We also welcome the advent of plasma tests that correlate with amyloid PET. The blood tests can be used to prescreen individuals to identify those needing confirmation with PET.

    Follow-up amyloid PET may also be used to monitor response to treatment and to guide clinical practice. Hopefully, these follow-up scans will also be covered by local MACs. Tau PET may also be used in molecular staging of AD and clinical decision making. Though not specifically addressed in this decision, hopefully tau PET will be covered in the future as well.

  2. Amyloid PET imaging offers advantages over CSF analysis for establishing the presence of elevated brain amyloid, and this has implications for routine diagnosis but especially for therapeutics. As we enter the new therapeutic era with lecanemab, the CMS decision to make amyloid PET imaging more accessible is highly welcomed.

    For persons being considered for lecanemab therapy, an amyloid PET scan is superior as part of decision-making for treatment compared to a CSF analysis of Aβ/tau ratio for several reasons. First, an amyloid PET result is generally unambiguous whereas the CSF (or plasma) analysis can sometimes be equivocal. Second, the ability to quantitate amyloid burden by PET scan can allow a clinician to:

    a) recognize persons with marginal amyloid elevations (and perhaps question the diagnosis of Alzheimer disease);

    b) appreciate, based on the degree of amyloid elevation, how advanced the process is (as opposed to CSF, where only a binary yes/no answer is available); and

    c) use a baseline amyloid PET scan as the basis for evaluating therapeutic benefits at 12-18 months post therapy with a follow-up scan.

    The latter capability is particularly important for managing lecanemab therapy. In persons in whom lecanemab treatment drove brain amyloid levels to background levels, the possibility of reducing or suspending dosing after 18 months could be a very useful capability. On the other hand, if a follow-up amyloid PET scan failed to show any decline in amyloid burden after 12-18 months, one could deem the therapy for that particular individual as unsuccessful and question the continued value of biweekly infusions. Thus, the Medicare decision will provide genuine value to patients who are being considered for or treated with lecanemab.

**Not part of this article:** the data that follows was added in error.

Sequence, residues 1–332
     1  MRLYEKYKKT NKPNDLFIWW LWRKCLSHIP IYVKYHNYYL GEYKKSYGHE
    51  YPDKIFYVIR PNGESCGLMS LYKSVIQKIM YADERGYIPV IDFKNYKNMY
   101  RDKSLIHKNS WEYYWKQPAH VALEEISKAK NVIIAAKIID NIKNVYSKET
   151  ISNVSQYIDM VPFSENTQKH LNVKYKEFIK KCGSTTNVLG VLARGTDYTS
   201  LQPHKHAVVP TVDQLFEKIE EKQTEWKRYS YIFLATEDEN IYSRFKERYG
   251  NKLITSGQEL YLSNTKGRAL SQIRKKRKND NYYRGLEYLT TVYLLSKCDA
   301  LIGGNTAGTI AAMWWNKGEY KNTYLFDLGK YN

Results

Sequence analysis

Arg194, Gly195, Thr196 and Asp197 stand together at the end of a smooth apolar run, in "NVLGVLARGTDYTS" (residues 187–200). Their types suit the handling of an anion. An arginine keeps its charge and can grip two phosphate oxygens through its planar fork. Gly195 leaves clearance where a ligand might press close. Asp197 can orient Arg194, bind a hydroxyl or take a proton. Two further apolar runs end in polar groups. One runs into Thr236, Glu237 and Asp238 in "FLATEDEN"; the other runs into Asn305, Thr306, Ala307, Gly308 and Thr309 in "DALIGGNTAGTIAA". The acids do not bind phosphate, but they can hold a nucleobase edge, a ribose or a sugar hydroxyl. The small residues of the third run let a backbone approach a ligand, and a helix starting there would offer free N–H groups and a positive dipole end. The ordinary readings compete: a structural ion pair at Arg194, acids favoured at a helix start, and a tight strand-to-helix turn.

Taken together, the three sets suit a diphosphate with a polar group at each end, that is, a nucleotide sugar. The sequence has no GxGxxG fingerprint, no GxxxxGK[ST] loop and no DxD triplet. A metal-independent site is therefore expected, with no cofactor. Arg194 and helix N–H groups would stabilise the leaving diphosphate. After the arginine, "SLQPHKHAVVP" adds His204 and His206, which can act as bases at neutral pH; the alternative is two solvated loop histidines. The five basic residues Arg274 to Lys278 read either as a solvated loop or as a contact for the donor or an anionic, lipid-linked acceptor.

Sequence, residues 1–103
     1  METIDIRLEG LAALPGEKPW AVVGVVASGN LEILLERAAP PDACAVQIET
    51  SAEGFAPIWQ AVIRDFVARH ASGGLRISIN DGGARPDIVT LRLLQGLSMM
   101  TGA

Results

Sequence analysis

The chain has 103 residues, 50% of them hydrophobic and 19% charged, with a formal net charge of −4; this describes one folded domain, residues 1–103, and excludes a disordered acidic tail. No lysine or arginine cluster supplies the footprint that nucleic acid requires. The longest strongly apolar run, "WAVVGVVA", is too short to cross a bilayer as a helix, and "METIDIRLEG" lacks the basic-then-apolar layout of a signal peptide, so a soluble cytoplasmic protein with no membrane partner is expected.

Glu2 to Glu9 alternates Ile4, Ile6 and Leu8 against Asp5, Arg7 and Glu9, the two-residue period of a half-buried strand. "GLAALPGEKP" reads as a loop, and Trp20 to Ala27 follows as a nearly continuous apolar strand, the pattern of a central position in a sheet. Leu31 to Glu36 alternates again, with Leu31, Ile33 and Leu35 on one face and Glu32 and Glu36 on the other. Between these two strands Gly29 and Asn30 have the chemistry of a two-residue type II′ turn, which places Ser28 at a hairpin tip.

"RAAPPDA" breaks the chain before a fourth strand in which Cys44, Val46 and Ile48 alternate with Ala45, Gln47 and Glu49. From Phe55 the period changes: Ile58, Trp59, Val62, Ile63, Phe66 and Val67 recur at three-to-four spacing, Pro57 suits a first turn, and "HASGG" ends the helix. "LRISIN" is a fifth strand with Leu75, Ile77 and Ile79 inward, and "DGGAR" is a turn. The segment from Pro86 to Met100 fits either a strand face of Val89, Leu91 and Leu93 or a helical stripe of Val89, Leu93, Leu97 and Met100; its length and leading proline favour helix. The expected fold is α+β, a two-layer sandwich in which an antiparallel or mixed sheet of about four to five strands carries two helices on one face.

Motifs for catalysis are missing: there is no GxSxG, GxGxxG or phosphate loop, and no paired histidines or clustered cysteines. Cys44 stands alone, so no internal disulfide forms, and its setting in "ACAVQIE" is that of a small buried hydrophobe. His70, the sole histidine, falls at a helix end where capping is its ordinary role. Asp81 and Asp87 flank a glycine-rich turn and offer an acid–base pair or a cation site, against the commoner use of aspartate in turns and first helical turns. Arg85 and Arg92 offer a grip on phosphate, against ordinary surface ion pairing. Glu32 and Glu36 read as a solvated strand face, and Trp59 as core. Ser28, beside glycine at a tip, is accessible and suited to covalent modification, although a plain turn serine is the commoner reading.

3. It is strange to read this article and the two positive comments from Drs. Salloway and Knopman.

    These highly esteemed scientists and opinion leaders seem to disregard serious shortcomings of the method they recommend, i.e., amyloid PET imaging. These shortcomings, described more than 10 years ago (Feb 2012 community news) anticipated at least two of the unfortunate consequences we face today.

    First, they invalidate the Alzheimer’s diagnostic ATN diagnostic classification, which as of now disregards the outcome of clinical assessment and, according to a proposed revision (Aug 2023 conference news) would also neglect image-based assessment of brain abnormalities. If the revision is implemented, it means the diagnosis of AD will from now on be based solely on "amyloid and tau positivity" (only A and T), where "positivity" may be demonstrated by PET imaging.

    Second, amyloid PET imaging is unsuitable for assessing the efficacy of anti-Alzheimer's therapy. Amyloid PET tracers are non-specific (Moghbel et al., 2012; Kepe et al., 2013) as, in addition to amyloid deposits, they mark inflammation and myelin and myelin damage in the white matter, where there is no amyloid in patients with early Alzheimer's, the target group of recent Alzheimer's RCTs (Høilund-Carlsen et al., 2022; Høilund-Carlsen et al., 2023). 

    Hopefully, these esteemed researchers and the FDA/CMS will become aware of these shortcomings and sound the alarm so that fewer patients are misdiagnosed and subjected to passive anti-AD immunotherapy, as this type of treatment is not only associated with a greatly increased tendency for amyloid-related imaging abnormalities and loss of brain volume (Alves et al., 2023), but probably also increased loss of cerebral function (Høilund-Carlsen et al., 2023). 

    Increased access to amyloid PET will exacerbate the problem, as many amyloid PET positive patients do not have amyloid deposits, and many "amyloid-positive" individuals do not have AD.


    . Accelerated Brain Volume Loss Caused by Anti-β-Amyloid Drugs: A Systematic Review and Meta-analysis. Neurology. 2023 May 16;100(20):e2114-e2124. Epub 2023 Mar 27 PubMed.